Pathogenesis and Clinical Findings of Adenoviral Diseases in Humans


Adenoviruses affect human epithelial cells, causing cell aggregation and enlargement usually without lysis. Moreover, they suppress immune defensive factors. For instance, adenoviruses inhibit interferon action by blocking interferon-induced genes transcription. Viral proteins also inhibit cytotoxic activity of TNF-alpha. Finally, they slow down HLA-Ag I class expression on the membranes of infected cell, preventing cell-mediated cytolysis.

Adenoviruses are highly versatile in their pathogenicity. Various human serotypes affect respiratory and gastrointestinal tracts, eyes, and urinary bladder. They propagate in the epithelial cells and spread to regional lymph nodes, where they persist. The leading sites of adenoviral persistence are adenoids and tonsils. Also adenoviruses replicate in the epithelium of intestinal tract.

Adenoviral infections are spread by airborne and fecal-oral transmission. Infants and young children are the most susceptible to the infection.

Infectious dose of adenoviruses is very low – dozens or even several viral particles.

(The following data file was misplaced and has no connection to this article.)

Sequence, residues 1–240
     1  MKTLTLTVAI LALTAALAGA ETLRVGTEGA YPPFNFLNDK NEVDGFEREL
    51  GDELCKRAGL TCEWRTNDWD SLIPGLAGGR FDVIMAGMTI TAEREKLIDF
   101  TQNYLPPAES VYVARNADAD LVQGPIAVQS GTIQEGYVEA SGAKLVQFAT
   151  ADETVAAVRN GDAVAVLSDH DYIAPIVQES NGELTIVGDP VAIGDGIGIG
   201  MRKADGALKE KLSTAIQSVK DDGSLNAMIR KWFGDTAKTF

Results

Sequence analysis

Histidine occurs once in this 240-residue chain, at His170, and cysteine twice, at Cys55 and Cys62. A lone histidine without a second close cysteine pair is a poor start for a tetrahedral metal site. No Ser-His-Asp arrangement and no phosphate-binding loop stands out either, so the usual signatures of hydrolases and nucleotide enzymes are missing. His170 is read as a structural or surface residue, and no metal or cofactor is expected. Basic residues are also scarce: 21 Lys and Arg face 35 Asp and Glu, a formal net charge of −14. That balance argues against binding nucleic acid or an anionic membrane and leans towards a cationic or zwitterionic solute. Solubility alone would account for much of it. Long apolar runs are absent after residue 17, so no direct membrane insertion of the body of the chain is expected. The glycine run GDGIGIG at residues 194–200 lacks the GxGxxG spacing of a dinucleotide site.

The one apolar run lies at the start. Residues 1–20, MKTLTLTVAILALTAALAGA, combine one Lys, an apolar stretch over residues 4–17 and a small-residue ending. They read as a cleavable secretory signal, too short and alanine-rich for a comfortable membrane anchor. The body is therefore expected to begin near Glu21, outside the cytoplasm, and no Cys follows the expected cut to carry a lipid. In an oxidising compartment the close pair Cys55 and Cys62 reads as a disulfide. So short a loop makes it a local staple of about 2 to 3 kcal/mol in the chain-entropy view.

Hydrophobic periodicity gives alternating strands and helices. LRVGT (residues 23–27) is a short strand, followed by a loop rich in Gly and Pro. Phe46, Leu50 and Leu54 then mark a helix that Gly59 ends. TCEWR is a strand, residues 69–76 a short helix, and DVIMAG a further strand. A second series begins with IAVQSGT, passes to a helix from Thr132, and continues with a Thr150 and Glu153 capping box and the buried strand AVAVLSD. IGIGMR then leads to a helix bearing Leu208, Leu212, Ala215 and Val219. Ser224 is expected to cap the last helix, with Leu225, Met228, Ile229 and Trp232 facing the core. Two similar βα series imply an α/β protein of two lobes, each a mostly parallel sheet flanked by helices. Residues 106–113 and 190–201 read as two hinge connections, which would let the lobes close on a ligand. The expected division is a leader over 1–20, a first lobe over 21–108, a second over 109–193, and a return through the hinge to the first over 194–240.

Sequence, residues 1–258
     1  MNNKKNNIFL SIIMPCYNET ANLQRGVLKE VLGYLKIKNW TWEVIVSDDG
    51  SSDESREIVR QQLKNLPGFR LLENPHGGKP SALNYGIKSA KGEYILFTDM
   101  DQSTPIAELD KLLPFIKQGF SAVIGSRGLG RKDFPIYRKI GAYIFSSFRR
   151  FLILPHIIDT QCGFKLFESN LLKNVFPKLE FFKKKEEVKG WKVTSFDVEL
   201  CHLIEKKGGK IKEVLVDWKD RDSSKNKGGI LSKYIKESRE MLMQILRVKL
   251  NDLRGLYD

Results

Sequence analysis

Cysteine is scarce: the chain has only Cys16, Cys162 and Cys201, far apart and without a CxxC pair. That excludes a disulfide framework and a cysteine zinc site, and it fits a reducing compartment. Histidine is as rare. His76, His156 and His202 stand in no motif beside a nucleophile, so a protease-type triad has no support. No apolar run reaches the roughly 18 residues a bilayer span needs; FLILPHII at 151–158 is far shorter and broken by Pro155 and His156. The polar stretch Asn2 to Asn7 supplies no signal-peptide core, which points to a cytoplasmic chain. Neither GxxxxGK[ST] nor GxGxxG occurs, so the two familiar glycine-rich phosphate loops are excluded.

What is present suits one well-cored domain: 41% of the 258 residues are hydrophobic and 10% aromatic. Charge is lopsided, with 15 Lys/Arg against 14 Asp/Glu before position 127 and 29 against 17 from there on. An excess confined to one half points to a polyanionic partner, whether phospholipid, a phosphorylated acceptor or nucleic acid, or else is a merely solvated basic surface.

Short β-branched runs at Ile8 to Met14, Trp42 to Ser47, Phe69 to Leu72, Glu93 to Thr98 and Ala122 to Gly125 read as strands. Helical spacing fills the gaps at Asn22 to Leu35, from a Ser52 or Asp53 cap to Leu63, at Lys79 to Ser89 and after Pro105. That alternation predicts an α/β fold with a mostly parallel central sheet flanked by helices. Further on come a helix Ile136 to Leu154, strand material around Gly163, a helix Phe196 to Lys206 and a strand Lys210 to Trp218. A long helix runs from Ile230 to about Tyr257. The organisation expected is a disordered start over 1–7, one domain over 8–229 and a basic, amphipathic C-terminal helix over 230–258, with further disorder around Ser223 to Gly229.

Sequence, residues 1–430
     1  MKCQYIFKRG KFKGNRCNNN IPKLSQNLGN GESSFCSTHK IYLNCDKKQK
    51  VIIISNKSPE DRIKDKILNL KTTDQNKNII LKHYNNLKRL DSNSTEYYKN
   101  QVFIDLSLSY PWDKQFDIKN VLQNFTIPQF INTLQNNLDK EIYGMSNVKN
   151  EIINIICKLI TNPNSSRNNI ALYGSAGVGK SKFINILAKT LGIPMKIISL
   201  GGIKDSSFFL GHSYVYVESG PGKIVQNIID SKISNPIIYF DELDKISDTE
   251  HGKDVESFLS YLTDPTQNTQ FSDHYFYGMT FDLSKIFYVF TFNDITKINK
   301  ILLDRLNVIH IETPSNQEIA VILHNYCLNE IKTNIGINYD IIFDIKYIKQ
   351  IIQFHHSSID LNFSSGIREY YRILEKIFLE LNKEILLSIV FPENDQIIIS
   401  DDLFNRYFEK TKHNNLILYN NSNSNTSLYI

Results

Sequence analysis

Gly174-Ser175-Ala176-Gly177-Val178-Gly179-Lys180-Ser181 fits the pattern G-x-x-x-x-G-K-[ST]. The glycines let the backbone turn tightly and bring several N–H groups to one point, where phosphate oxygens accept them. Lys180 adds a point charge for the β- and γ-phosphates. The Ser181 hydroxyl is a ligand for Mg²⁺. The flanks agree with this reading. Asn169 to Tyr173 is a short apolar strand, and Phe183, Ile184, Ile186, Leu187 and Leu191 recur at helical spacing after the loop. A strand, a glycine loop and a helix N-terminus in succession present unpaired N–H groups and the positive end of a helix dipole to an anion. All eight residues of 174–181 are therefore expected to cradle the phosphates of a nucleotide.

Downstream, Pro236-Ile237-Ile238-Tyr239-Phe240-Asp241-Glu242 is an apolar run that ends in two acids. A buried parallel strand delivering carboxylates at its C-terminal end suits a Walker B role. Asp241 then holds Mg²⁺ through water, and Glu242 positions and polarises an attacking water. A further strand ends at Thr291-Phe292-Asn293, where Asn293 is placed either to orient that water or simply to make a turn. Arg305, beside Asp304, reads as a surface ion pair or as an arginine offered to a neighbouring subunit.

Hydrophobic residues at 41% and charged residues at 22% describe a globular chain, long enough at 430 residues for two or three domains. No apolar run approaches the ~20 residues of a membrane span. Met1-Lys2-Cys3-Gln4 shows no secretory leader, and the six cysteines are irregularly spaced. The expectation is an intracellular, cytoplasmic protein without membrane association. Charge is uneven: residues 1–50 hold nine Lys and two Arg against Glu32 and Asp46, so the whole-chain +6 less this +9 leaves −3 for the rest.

The sources of infections are sick or convalescent individuals. Shedding of adenoviruses after the infection may be long (for 3-6 weeks).

About 50% of cases of human adenoviral infections are mild or asymptomatic. Nevertheless, they provoke a great number of acute and chronic human diseases. Among them are:

– acute febrile pharyngitis;

– pharyngoconjunctival fever;

– acute respiratory diseases in children and adults;

– adenoviral pneumonia;

– adenoviral gastroenteritis;

– eye infections;

– acute hemorrhagic cystitis;

– urethritis and cervicitis.

Acute febrile pharyngitis resembles other similar viral respiratory infections.

Pharyngoconjunctival fever manifests by the symptoms both of pharyngitis and conjunctivitis. It is often caused by adenoviruses of serotypes 3 and 7; outbreaks of pharyngoconjunctival fever are called “swimming pool conjunctivitis”.

Adenoviruses of types 3 and 7 as well as the limited number of other serotypes cause adenoviral pneumonia. It comprises about 10% of all pneumonia cases affecting children. Lethality of adenoviral pneumonia in early postnatal period may exceed 5%.

Adenoviruses of types 40 and 41 mainly affect gasrointestinal tract, being responsible for about 10% of cases of viral gastroenteritis in infants.

Eye adenoviral infections include follicular conjunctivitis and epidemic keratoconjunctivitis. The latter is predominantly caused by 8, 19, and 37 viral types.

Viruses of types 11 and 21 provoke acute hemorrhagic cystitis in children, while type 37 causes urethritis and cervicitis.

Systemic adenoviral infection in infants leads to serious complications affecting parenchymatous organs (hepatitis, nephritis), heart (myocarditis), CNS (meningoencephalitis).

After most adenoviral diseases strong long-lasting immunity is developed. It is maintained by type-specific neutralizing antibodies. Group-specific antibodies can’t prevent the relapse of infection.